The Albanian writer Fatos Lubonja gave the Scottish PEN lecture at the Edinburgh International Book Festival to mark the English translation of his book Second Sentence.
Below is a review of his book, first published in The Times Literary Supplement.
Behind Closed Doors
Fatos Lubonja – Second Sentence
Translated by John Hodgson
I B Tauris/in association with The Centre for Albanian Studies
In the era of the Communist Bloc, the texture and permeability of the “iron curtain” had clear variations, as did allegiances and attitudes to the former USSR. Tito managed to wrest ex-Yugoslavia away from Russia's domination, which allowed a measure of freedom to Yugoslav citizens that was not enjoyed by other Communist countries. Albania's break from the USSR had more to do with its leaders’ refusal to go along with the relative easing of conditions brought about by Khrushchev and their desire to continue with the Stalinist line. Brief alliance with China brought some benefits in terms of economic help, planning and manpower for factory building, but when that relationship also foundered, Albania was on its own. Rule by a harsh dictatorship always breeds paranoia, but in Albania's case this was increased by having no allies whatsoever. Deep-rooted fears of invasion by the west then sprouted new fears of invasion by other Communist states, particularly the USSR.
Any hermetically sealed environment has the potential to become what we understand as “mad”. Dissociation from the whole, whether in psychological or sociological terms, is severely unhealthy. Albania's leaders were deeply suspicious of the motives of any other state. A psychological wall ringed the country. And while there was no physical wall, a necklace of thousands of concrete bunkers was built along Albania’s coastline and inland. There was no freedom of movement, thought or expression. As Fatos Lubonja’s memoir of his own persecution makes clear, you could be accused of uttering words and sentiments which you had never expressed. Worse still, inmates already serving one sentence in prison could be called to trial and given a second, to be added to the first.
Even madness has a peculiar logic of its own. Second Sentence draws us into the maze of this logic, the convoluted thinking of frightened and intimidated people. It is the first account to be translated into English of personal experience of trial and imprisonment in Albania under Communist rule. Written by a leading Albanian novelist, it is both terrifying and absorbing.
Second Sentence begins in the prison camp of Spaç, where Lubonja is serving a seven-year term – a “light” one – for “agitation and propaganda”. We learn about some of the other inmates, the camp’s routine, the exhausting labour, and the absence of heating. The pace is measured and calm, the descriptions objective, almost understated. We are shown the huge self-discipline required not to respond to the warders’ deliberate provocations. In winter, with temperatures reaching as low as minus 20, a stint in the punishment cell could mean death.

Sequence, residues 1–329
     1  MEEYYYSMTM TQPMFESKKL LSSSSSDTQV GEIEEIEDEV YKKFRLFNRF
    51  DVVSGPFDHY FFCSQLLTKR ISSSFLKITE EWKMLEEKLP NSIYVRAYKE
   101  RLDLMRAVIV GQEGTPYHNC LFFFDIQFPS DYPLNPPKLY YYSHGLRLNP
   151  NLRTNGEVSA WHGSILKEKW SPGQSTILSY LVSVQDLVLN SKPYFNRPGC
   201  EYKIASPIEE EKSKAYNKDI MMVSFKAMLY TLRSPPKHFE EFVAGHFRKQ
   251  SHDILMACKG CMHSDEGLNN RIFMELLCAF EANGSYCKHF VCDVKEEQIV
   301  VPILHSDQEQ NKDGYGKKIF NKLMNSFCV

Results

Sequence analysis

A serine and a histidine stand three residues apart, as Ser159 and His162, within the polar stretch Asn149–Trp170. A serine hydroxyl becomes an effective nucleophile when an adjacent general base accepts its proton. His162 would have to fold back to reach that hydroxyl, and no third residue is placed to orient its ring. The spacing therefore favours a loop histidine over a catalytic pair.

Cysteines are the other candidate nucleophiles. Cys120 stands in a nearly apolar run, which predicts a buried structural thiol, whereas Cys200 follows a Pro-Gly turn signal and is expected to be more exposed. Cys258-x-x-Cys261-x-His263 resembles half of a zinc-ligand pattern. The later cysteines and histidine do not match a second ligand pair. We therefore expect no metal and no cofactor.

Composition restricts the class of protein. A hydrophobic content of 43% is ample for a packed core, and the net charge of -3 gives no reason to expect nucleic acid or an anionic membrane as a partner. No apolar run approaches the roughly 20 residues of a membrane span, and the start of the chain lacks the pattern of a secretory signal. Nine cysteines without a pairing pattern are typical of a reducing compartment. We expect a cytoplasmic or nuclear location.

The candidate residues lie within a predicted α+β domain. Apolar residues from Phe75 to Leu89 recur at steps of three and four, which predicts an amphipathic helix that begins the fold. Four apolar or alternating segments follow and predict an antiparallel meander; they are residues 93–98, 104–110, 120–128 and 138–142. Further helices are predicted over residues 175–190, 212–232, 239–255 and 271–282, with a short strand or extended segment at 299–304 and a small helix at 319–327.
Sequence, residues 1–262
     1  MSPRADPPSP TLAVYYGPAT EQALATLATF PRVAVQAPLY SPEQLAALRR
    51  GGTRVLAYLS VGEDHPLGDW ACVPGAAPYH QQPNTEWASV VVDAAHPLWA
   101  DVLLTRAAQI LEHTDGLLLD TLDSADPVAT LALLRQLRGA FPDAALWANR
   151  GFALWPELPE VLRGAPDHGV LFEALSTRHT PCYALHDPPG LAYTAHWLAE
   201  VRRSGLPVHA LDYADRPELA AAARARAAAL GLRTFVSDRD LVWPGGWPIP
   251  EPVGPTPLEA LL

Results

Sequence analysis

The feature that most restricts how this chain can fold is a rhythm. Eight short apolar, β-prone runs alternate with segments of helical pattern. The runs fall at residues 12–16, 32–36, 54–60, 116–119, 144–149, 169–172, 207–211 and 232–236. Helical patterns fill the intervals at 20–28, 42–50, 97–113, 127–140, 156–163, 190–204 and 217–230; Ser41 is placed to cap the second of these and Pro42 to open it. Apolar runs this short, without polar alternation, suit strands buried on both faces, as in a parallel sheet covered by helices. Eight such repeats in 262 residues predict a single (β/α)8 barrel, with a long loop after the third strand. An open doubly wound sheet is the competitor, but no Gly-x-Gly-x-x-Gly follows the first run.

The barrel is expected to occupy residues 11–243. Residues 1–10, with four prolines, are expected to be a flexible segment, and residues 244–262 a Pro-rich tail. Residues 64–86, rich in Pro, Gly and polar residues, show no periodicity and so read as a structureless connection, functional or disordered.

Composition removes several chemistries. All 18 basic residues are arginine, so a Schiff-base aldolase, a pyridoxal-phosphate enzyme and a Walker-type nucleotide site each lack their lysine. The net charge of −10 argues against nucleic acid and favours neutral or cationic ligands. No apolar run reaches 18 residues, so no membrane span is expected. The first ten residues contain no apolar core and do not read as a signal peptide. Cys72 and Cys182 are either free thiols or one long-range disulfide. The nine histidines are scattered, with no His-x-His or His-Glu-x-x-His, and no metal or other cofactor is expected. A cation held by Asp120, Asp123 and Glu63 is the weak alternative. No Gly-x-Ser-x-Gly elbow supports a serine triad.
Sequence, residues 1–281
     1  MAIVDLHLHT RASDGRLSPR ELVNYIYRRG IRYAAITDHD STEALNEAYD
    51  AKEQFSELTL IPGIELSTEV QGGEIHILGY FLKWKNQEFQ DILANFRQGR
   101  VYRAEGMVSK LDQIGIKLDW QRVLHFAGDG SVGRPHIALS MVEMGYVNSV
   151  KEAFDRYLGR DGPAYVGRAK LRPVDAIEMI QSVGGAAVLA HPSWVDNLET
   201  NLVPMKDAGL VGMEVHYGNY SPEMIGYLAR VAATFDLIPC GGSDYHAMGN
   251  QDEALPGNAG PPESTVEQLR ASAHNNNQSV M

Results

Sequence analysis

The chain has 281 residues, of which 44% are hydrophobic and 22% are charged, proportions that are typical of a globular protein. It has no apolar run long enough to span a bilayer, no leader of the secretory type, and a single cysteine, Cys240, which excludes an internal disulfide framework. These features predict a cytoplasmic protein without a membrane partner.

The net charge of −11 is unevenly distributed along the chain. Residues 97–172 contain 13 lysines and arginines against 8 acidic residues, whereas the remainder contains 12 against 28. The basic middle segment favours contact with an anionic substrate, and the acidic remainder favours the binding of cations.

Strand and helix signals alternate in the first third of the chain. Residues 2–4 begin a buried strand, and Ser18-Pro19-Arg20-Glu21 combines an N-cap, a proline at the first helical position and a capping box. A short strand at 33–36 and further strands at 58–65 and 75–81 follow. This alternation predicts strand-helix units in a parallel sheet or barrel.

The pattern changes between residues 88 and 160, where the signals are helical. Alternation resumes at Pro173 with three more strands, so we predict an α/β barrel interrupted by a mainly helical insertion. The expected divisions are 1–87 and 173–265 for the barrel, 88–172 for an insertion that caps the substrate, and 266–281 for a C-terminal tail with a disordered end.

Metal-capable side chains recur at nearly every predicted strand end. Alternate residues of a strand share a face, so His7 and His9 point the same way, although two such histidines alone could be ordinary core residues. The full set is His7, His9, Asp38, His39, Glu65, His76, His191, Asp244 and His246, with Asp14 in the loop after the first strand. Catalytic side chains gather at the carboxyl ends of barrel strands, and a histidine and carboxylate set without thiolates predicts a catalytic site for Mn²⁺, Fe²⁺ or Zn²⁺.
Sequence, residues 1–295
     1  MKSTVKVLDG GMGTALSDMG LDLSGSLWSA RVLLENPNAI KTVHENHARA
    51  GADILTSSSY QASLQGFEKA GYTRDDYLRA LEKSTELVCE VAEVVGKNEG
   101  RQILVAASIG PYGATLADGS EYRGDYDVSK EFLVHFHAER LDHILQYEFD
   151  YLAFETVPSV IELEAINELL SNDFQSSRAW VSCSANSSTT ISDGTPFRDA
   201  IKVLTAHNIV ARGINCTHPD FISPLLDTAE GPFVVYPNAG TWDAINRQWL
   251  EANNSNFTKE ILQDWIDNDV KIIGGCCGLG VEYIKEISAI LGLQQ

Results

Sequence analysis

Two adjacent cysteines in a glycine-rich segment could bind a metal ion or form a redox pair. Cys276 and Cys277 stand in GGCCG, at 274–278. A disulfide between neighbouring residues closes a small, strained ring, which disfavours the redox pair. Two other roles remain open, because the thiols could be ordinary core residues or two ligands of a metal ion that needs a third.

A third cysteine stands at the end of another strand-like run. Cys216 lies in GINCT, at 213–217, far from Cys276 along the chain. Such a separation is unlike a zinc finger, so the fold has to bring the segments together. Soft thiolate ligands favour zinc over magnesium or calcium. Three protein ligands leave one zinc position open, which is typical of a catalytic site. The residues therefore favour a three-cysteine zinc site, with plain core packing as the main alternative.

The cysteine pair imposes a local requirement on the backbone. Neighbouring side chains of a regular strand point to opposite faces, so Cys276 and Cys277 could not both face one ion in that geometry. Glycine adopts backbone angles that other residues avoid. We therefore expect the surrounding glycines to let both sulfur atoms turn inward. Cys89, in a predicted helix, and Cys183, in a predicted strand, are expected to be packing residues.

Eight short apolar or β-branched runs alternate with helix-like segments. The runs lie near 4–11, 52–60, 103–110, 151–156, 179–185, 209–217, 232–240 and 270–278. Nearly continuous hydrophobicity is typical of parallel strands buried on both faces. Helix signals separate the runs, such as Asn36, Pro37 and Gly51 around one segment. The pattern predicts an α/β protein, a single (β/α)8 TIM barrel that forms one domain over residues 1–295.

A letter has supposedly been sent to the Central Committee of the Communist Party by two inmates, Fadil and Vangjel. Nobody really knows what was in the letter, but rumour is rife. The two inmates are taken away, no one knows where. Later arrivals at the camp disclose that they are being held in Tirana prison. Several months pass before Lubonja and others are also taken away without warning. They, too, are brought to Tirana prison, and kept in solitary cells.
We share Lubonja's disorientation and his experience of darkness both literal and metaphorical. We share his jubilation when he manages to find a chink in the peep-hole of his cell, allowing him to see a few metres of corridor. As days and months go by we begin to see, through his interrogations, the insidious nature of the charges brought against him and others. We discover that there are a series of doors, for the most part closed. The cell door, leading to the corridor, the door to the next floor of the cell block, the door to the interrogation room, doors into court rooms, doors the judges go through to confer. People appear and disappear through these doors. Behind the “ultimate door” is the “ultimate leader', the dictator Enver Hoxha, who is not supposed to be seen or named yet who hovers over the courtroom, possibly listening in on the proceedings. For all their second-guessing, those on trial cannot know his mood.
To what extent the outcome of the court case was decided ahead of time, we cannot know. Yet there is a semblance of a “fair” trial. Prisoners testify and are allowed to speak in their own defence. A great deal of time and trouble has gone into the preparation of the reports, by men whose own fear is palpable. Correct procedure must be followed and the outcome must appear to be justified, even “just”. As Lubonja puts it:
Everybody was on the lookout for plots and conspiracies everywhere: the leaders out of paranoia, and their subordinates because, by exposing conspiracies, they earned praise and proved how indispensable they were to the system. So the leaders imagined conspiracies, and their underlings made them reality, until everyone believed in them.
Lubonja’s testimony rests on spare, lucid descriptions and on factual data from records of the trial. The courage and eloquence of Fadil Kokomani, the principal defendant, is unforgettable, and for his words alone this book is important. As Doris Lessing has commented, it seems as though the goal of the regime was to wipe out excellence. Fatos Lubonja's book shows that they did not succeed.
John Hodgson's translation is also to be recommended for his skilful rendition of Lubonja's lucid and sensitive prose into a natural and rhythmic English. His 'Afterword' gives a valuable historical and political context to the events described in Second Sentence.
First published in TLS, December 2009